Going beyond ‘groupthink’ to embrace disruption

The pandemic has crept into every facet of our lives and has had a devastating effect on the economy. It has also made us rethink our priorities within manufacturing and supply chain.

Jim Wallace

By Balluff National Sales Manager Jim Wallace. 

Currently, we hear lots of rhetoric from politicians and business leaders about bringing manufacturing back to Australia and enforcing local supply chains to nullify the effects of external catastrophic events such as Covid-19.

My question to you is: are we embracing disruption to drive change, or is this just a mere example of the ‘groupthink’ phenomenon?

What is ‘groupthink’?

“To recognise groupthink, it’s useful to identify the situations in which it’s most likely to occur. When groups feel threatened…they may develop a strong ‘us versus them’ mentality. This can prompt members to accept group perspectives, even when those perspectives don’t necessarily align with their personal views.” (Psychology Today).

If handled correctly, this could be our turning point

Think to the future. When we come through this pandemic and start to recover, will we still be of this united opinion as a nation or will supply chains start to revert to the lowest cost product?

I strongly believe that this is a real turning point for Australian manufacturing; however, we have a collective responsibility to ensure that the thought process is a rational long-term strategy rather than a groupthink short-term reaction.

As a country we need to adapt our manufacturing processes so that we can compete internationally, offering the highest value proposition and in turn grow the manufacturing economy within the country.

Gains in manufacturing efficiencies can be achieved from factors that include operational requirements, such as identifying reasons for (and reducing) lost production time, and building more flexible production lines and processes with the ability to adapt to different products with a minimum of set-up time. In addition, tracking and traceability is playing a strong role in ensuring that the correct manufacturing process has been followed and implemented and that the product is delivered in its original condition. In this age data is key — not only creating and harvesting the data but using this to make informed decisions both dynamically in real time and retrospectively for process improvements.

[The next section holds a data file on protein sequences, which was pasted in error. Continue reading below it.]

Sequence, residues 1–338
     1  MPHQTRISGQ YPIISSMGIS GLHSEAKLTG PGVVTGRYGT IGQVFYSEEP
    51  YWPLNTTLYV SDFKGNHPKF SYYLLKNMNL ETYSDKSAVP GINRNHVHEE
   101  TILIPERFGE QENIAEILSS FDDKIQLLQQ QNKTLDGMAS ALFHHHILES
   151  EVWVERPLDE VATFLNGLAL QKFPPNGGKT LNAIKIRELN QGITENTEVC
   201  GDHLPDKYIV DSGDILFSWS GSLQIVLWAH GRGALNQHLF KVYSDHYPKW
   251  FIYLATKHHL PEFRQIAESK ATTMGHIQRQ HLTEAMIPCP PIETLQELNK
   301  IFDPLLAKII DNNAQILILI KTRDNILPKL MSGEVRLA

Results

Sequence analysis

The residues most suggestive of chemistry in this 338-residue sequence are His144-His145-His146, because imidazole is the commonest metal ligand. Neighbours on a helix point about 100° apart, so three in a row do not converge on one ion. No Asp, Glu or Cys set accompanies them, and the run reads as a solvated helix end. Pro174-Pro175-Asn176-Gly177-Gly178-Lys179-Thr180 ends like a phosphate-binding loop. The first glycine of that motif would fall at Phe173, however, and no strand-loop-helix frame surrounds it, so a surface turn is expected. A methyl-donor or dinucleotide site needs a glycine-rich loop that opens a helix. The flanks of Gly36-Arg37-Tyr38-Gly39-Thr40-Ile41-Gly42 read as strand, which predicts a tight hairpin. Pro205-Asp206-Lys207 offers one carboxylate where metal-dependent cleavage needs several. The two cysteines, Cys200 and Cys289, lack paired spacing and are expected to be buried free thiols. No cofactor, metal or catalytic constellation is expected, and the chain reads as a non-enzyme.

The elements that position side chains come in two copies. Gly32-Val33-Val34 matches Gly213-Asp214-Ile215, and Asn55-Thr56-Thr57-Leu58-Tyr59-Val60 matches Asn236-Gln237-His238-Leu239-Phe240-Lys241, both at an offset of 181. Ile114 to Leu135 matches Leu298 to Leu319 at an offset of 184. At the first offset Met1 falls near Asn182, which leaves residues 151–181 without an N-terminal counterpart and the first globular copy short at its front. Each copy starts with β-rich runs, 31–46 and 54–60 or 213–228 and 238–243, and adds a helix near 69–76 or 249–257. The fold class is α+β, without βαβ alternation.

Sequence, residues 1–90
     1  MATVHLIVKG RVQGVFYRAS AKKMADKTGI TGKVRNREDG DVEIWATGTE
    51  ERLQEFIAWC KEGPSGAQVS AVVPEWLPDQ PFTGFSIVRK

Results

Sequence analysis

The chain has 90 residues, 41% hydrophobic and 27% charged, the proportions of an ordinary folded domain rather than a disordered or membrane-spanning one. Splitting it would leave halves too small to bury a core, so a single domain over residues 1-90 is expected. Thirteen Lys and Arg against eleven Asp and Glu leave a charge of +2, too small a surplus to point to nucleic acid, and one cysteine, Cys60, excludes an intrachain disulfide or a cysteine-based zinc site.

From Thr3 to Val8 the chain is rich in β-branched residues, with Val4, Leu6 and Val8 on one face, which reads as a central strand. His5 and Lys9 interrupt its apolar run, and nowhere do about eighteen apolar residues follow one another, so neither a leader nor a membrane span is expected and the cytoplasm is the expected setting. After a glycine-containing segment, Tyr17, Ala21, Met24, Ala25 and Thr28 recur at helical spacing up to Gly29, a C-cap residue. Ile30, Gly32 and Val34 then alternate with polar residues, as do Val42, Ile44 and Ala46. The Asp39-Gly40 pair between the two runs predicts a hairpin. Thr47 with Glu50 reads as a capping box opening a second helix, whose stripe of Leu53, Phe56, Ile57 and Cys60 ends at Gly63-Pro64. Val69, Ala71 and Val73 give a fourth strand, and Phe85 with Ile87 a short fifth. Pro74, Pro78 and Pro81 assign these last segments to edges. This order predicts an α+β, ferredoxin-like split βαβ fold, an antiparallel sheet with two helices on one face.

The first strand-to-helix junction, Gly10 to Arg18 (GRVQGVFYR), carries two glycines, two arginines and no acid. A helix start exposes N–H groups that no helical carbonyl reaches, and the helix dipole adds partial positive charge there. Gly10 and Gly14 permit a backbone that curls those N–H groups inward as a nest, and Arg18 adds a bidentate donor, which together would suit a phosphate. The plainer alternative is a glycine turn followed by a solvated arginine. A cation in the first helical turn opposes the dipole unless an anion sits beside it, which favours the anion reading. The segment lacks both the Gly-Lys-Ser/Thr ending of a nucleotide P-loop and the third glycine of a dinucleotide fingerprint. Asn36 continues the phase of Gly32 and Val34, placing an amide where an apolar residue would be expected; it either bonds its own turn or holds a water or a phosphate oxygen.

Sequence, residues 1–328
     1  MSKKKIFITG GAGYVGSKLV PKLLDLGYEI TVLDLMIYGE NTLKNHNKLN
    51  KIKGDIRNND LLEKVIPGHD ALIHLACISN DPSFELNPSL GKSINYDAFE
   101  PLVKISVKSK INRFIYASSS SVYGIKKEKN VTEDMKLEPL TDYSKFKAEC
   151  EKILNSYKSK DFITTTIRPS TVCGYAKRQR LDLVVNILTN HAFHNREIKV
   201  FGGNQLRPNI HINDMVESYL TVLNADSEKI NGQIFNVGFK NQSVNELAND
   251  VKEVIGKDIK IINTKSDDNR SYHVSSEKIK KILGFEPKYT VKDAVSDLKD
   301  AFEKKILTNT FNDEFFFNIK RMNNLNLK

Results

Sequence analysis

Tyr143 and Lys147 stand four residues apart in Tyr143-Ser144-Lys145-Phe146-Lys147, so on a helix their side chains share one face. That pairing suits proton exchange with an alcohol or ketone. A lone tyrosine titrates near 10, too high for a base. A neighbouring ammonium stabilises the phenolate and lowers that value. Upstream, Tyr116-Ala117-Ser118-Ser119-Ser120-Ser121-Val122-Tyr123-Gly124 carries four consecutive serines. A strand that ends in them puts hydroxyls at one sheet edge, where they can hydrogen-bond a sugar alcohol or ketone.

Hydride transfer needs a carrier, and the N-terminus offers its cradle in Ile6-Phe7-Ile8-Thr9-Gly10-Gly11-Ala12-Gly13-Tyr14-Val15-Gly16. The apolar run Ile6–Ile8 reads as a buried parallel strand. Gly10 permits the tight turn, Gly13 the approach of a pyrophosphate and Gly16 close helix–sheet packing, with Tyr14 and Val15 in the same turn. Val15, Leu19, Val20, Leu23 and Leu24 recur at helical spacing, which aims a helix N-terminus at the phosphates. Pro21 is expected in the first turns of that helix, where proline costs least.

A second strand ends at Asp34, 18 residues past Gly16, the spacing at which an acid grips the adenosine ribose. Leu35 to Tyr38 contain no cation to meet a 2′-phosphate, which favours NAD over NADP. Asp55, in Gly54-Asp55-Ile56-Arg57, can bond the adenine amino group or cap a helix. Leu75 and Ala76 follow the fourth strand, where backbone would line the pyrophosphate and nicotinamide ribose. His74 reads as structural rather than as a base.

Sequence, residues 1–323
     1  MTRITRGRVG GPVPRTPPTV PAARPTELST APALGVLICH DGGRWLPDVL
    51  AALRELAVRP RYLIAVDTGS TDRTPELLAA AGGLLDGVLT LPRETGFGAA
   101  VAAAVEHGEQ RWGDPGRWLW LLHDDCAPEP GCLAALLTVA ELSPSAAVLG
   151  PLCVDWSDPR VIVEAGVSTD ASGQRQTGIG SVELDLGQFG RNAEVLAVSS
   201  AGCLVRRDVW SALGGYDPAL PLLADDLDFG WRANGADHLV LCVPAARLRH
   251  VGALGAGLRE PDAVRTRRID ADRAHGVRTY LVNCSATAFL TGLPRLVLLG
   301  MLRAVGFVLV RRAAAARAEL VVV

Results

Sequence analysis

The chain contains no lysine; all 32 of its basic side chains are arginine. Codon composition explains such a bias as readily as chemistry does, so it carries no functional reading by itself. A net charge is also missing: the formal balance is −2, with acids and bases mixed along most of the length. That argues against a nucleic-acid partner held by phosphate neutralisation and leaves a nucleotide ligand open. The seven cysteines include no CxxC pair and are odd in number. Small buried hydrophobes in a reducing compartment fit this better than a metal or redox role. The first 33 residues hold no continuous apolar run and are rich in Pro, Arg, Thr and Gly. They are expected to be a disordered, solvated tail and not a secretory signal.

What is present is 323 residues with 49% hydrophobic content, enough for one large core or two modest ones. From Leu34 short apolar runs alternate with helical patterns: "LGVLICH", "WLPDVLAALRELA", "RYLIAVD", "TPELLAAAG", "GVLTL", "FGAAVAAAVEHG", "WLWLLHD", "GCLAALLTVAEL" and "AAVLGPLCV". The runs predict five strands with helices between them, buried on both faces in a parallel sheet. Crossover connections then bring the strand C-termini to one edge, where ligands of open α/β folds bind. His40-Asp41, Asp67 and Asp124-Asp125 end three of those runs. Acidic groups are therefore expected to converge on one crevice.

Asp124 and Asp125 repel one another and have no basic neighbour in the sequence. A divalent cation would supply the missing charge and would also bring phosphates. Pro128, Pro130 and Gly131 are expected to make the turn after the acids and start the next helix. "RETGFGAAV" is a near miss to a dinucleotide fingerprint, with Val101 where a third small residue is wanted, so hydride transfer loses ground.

Collaboration is key

I believe that as suppliers we must work together to develop high-level relationships, to collaborate and educate Australian manufacturing to understand and embrace the challenge of new technologies.

With support from government and industry organisations we should help manufacturing overcome real and perceived barriers to investing in new techniques. An example of a collaborative approach for the ‘greater good’ is the Open IIoT consortium of companies incorporating Balluff, SMC, Beckhoff Automation, Zi-Argus and Nord Drivesystems, whose mission is to demystify Industry 4.0, IIoT and other related topics — and to break down the jargon to address topics of real business value, security, data ownership and IT integration.

Through a collaborative effort we can offer a wider base of knowledge and expertise to help manufacturers understand and identify key areas of concern and take realistic steps to implement new techniques to gain competitiveness.

With all of this in mind, it is our collective responsibility to embrace disruption!

 

About Jim Wallace

Jim joined Balluff in 1997 as a product manager in the UK and made the move to Balluff Australia 16 years later. Today, Jim is the sales manager for Balluff Australia and is based in Melbourne. As an Industry 4.0 and digitisation advocate, Jim also forms part of Open IIoT. 

About Balluff

INnovating automation – with high standards and personal commitment.

Balluff is a leading supplier of networked IO-Link control system architectures that unlock the potential of the IIoT and Industry 4.0. Balluff offers a wide range of intelligent IO-Link and industrial ethernet sensors in a variety of technologies including inductive, photoelectric, capacitive, and magnetic as well as magnetostrictive linear position sensors, tape linear encoders, industrial RFID systems, and industrial vision systems.

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